Medical Marijuana and Transplant Patients
Posted by Glenn Beierle on 02/22/2019 in Ailments and Conditions
Medical content reviewed by Dr. Richard Koffler, MD, Board Certified Physiatrist
Certain conditions can result in the need for the patient to receive an organ transplant. When you need a transplant, you have to consider your eligibility, existing health issues, and recovery. Since some doctors consider medical marijuana a controversial topic, how does your patient status impact your experience? We can help you understand what to expect as a transplant patient who takes cannabis medicine.
Is Medical Marijuana Safe for Transplant Patients?
When you have an organ transplant, your doctor will give you immunosuppressants. As their name implies, these drugs suppress your immune system to increase your body’s chance of accepting the new organ. Your immune system attacks foreign objects, including organs that don’t belong to your body. If you have regular immune function, it will damage your new organ’s tissue. The immunosuppressants block its ability to attack the new organ so you can keep it in your body.
If you know about immunosuppressants for transplants, you may wonder if medical marijuana will affect this process. So far, experts don’t have enough information to understand its impact on transplants. However, the evidence we have shows promise. HS Rai and GS Winder conducted a review of the available research on the subject. Their information showed that transplant patients who used marijuana had similar survival rates to non-users. They urged doctors to take a holistic approach to patient candidacy and look at all aspects of their medical history.
Another study of more than 1000 patient records also supported the idea that cannabis has no effect on transplant outcomes. Subjects who used marijuana had similar results to non-users one year after transplant. The authors also concluded that cannabis use has little to no effect on transplant success.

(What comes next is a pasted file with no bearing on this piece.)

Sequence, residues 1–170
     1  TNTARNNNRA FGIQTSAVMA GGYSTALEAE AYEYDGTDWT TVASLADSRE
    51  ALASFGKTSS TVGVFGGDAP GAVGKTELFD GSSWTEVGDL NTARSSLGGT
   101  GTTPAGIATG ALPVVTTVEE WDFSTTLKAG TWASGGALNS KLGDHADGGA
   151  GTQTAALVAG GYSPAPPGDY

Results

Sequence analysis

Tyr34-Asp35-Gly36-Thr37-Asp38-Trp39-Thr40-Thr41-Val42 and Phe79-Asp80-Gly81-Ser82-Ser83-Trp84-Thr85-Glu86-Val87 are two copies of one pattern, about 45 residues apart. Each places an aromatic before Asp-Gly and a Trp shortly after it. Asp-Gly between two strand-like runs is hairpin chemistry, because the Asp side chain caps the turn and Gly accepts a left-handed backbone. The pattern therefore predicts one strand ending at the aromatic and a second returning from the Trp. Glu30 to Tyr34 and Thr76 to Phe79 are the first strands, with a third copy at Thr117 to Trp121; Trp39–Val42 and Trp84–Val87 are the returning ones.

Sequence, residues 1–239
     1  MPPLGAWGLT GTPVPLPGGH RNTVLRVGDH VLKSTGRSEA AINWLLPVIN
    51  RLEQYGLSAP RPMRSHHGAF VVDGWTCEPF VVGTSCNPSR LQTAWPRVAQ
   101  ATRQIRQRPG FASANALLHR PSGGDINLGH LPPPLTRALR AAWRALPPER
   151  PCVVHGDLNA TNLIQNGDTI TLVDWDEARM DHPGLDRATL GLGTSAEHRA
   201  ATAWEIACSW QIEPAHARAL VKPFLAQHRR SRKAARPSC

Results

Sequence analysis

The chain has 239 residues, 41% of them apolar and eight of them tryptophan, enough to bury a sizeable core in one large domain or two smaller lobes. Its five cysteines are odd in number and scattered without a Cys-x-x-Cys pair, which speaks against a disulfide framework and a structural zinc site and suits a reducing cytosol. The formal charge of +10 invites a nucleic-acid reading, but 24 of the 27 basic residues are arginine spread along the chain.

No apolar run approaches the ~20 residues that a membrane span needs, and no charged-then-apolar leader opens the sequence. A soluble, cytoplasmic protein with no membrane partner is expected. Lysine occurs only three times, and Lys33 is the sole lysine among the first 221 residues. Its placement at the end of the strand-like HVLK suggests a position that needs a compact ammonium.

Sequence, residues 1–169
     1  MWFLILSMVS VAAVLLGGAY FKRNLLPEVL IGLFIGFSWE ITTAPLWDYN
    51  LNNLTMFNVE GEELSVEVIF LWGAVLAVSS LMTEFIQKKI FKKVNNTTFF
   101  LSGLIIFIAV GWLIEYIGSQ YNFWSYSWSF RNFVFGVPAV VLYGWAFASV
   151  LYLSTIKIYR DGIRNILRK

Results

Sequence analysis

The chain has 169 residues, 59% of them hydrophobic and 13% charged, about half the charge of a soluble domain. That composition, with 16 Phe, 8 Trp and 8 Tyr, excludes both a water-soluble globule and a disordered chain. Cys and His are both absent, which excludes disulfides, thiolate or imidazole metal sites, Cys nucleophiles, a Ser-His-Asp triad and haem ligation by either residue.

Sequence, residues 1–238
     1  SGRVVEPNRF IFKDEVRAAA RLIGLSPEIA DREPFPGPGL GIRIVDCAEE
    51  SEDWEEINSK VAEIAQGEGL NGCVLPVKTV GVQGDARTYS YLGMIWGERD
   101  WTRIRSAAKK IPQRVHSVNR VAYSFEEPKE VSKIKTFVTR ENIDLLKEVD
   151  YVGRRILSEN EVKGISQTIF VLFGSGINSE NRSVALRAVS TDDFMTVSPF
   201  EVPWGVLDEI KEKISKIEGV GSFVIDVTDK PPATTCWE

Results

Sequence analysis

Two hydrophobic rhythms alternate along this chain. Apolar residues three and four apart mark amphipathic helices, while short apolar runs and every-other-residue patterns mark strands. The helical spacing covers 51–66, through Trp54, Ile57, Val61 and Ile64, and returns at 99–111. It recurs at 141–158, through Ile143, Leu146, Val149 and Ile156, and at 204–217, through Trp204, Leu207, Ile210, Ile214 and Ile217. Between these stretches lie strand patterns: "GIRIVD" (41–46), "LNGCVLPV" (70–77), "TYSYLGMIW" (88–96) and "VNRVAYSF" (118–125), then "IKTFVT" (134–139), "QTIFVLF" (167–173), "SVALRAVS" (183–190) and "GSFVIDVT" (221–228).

Cannabis’ Effect on the Immune System
As a medical marijuana patient planning on a transplant, you may also want to know about your medicine’s immunosuppressive properties. Cannabis medicine relieves pain and inflammation because of its effect on the immune system. It activates receptors in your endocannabinoid system that regulate your immune response. When it interacts with your immune system, it tells it to stop creating inflammation. It also reduces the likelihood of it attacking tissue.
The evidence we have on medical marijuana doesn’t indicate that it can raise your susceptibility to illness. It can provide positive immunosuppressive effects while keeping you healthy. Cannabis medicine also has plenty of benefits over prescription immunosuppressants. Patients without insurance coverage may have medical marijuana available as a more affordable option. Medicinal cannabis also has safer side effects than prescriptions. Your marijuana medicine can also relieve additional symptoms of your condition.
How Can Cannabis Medicine Help Patients With Transplants?
According to studies on medical marijuana and transplants, it could help your body accept your new organ. Preliminary research on cannabis’ effect on transplants shows promise. With further research, we can learn more about the ways marijuana medicine can help.